Honoring Our Son: Armed Forces Day and Memorial Day at University United Methodist Church

San Antonio has long been known as “Military City USA.” With its many bases/posts and a large retiree community, nearly everyone here either serves, has served, or knows someone who has.

For many years, University United Methodist Church has combined a recognition of Armed Services Day (third Saturday in May, when we honor those serving in the US military) and Memorial Day (last Monday in May, when we honor those who have given their lives in wartime). The congregation and members of the choir and orchestra outfit themselves in uniform or other patriotic regalia—a sea of red, white, and blue. The University Chancel Choir sings songs such as “Battle Hymn of the Republic,” and the Orchestra plays a medley of the service songs (“Anchors Aweigh” etc.). The pastors ask those who serve (or have served) in that branch, and their loved ones, to stand during the appropriate service song. It’s always amazing to see how many people do. The booming percussion and brass sections always get the crowd going.

Last year, less than a week had passed since the day when we dropped off Sean for boot camp. We had no idea when we would receive our first letter or talk to him; we knew we wouldn’t see him for three months. Getting through the Marine section of “Armed Forces Salute” was pretty tough. (And the piccolo is important, so I couldn’t just lay out!)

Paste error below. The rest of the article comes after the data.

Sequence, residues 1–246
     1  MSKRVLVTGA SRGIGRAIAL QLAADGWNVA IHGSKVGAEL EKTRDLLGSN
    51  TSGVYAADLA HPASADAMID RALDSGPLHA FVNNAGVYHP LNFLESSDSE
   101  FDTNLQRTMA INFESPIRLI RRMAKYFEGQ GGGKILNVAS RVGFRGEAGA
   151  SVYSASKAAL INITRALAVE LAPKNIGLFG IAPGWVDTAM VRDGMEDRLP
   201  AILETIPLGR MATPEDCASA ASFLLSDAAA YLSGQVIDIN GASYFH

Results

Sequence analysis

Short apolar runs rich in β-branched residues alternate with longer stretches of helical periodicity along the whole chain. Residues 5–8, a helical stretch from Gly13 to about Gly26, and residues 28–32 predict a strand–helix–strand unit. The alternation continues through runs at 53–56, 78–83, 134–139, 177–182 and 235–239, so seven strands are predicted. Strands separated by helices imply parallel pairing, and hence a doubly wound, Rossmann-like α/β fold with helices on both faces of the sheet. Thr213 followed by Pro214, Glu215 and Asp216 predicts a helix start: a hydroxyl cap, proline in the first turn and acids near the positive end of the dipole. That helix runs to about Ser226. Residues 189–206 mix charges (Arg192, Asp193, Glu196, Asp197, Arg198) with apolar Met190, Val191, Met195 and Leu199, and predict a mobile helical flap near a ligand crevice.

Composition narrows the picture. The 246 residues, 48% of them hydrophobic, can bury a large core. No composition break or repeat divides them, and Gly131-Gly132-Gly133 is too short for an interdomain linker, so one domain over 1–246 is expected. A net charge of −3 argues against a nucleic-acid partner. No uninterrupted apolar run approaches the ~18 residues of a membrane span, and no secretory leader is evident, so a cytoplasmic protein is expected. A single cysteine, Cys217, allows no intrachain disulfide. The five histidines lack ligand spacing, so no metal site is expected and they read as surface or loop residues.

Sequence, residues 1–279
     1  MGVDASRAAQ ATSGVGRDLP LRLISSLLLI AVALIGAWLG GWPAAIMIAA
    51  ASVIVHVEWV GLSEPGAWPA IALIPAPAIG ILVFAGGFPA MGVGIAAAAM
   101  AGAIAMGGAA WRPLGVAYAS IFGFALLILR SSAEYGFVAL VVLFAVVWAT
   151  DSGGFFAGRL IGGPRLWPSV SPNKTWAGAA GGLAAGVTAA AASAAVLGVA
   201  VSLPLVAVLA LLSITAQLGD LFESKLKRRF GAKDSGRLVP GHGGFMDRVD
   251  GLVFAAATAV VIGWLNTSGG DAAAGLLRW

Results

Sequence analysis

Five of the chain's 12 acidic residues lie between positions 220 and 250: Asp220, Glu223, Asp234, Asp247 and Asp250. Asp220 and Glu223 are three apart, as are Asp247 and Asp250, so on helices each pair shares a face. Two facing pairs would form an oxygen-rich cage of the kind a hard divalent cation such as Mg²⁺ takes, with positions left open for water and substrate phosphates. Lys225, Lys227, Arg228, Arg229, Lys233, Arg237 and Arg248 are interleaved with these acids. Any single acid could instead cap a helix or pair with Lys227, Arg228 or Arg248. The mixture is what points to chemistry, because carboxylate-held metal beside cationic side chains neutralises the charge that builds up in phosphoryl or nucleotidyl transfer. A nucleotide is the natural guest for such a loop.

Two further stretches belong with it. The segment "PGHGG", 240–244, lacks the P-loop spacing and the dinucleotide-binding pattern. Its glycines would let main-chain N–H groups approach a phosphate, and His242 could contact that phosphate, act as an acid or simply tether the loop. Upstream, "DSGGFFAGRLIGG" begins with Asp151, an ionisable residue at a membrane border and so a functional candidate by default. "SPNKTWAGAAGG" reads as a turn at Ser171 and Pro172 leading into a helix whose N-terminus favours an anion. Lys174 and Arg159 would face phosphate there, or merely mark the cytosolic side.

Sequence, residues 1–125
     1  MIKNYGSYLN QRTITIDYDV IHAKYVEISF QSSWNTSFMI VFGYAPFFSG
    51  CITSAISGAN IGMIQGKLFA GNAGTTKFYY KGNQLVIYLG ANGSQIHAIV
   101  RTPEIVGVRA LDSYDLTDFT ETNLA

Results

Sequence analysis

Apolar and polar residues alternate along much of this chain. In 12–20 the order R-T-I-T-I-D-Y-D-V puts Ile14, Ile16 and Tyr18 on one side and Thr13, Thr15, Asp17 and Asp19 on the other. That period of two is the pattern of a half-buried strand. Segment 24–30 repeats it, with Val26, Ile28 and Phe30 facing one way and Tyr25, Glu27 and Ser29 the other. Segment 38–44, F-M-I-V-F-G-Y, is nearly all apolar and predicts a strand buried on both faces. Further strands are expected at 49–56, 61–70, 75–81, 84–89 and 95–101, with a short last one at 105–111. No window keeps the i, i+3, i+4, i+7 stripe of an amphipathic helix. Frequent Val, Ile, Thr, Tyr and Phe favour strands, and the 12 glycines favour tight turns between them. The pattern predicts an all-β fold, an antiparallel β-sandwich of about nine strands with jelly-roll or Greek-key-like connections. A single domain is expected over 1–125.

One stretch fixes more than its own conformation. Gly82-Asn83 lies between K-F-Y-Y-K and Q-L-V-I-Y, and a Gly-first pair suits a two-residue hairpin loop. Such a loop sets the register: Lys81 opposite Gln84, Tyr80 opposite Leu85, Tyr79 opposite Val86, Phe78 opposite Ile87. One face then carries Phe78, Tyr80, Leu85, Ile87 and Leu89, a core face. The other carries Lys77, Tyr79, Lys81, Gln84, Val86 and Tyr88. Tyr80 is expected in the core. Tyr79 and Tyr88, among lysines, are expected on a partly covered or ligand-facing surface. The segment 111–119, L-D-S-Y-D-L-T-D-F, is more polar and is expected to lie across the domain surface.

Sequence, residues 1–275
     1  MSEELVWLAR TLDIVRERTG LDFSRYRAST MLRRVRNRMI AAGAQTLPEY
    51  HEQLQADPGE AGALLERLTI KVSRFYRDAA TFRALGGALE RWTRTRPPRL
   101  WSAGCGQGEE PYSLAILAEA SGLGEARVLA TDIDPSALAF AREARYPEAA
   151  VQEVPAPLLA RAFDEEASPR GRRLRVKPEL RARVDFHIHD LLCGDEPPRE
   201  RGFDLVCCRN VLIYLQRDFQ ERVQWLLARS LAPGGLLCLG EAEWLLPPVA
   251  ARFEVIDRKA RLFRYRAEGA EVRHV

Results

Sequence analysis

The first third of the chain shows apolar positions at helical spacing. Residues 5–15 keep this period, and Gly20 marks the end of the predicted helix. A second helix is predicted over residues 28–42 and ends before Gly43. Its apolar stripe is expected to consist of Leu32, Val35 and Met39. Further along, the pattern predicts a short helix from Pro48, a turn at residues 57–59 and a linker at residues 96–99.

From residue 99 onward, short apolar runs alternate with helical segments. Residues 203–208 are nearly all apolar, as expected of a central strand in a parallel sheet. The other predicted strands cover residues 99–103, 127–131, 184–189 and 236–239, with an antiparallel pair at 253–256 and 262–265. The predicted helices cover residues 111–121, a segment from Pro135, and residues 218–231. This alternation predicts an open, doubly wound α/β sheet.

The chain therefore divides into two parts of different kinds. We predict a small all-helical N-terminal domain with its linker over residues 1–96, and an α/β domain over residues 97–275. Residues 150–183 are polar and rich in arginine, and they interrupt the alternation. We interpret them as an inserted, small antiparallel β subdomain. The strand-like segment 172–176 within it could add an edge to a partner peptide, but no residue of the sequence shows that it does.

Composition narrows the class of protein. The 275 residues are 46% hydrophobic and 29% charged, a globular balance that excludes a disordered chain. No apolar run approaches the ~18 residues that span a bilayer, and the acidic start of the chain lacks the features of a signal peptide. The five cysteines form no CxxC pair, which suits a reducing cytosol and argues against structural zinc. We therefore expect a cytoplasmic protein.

This year, with our Marine based in Okinawa, we proudly stood (and played) during the Marine song. Even though he’s 7,500 miles (and 14 hours time difference) away, now that he’s settled and one year into his Marine career, we proudly wore our Marine Parent shirts to worship. (That’s us pictured with the altar flowers we presented in honor of him and all those who serve.)

At the same time, other pieces proved difficult this year. I am blessed that I do not have to face (at least right now) a deployment in Afghanistan. But I’m not naïve. I know what military service means and could mean. I try not to think about why he’s getting anthrax and smallpox shots, or why he has to qualify on rifle every year, or why he has a gas mask in his barracks room. To dwell on these things is to invite a nervous breakdown. My mom always said, “Don’t borrow trouble.” So I live in the pride of a son in military service, not in the world of “what ifs.”

One of the most moving songs was “Mansions of the Lord,” arranged for the mini-series “Band of Brothers.” I’m glad I was playing, because the words are very difficult to sing (especially that third verse).

To fallen soldiers let us sing;

Where no rockets fly nor bullets wing;

Our broken heroes let us bring

To the mansions of the Lord.

No more bleeding, no more fight,

No more prayers pleading through the night,

Just divine embrace, eternal light

In the mansions of the Lord.

Where no mothers cry and no children weep;

We will stand and guard tho’ the angels sleep;

All through the ages safely keep

In the mansions of the Lord.

We love and miss you, Sean, and we are very proud of you!


Posted on May 27, 2012, in Boot Camp, Military Parent, Motherhood, US Marine Corps and tagged , , , , , , , , . Bookmark the permalink. Leave a comment.

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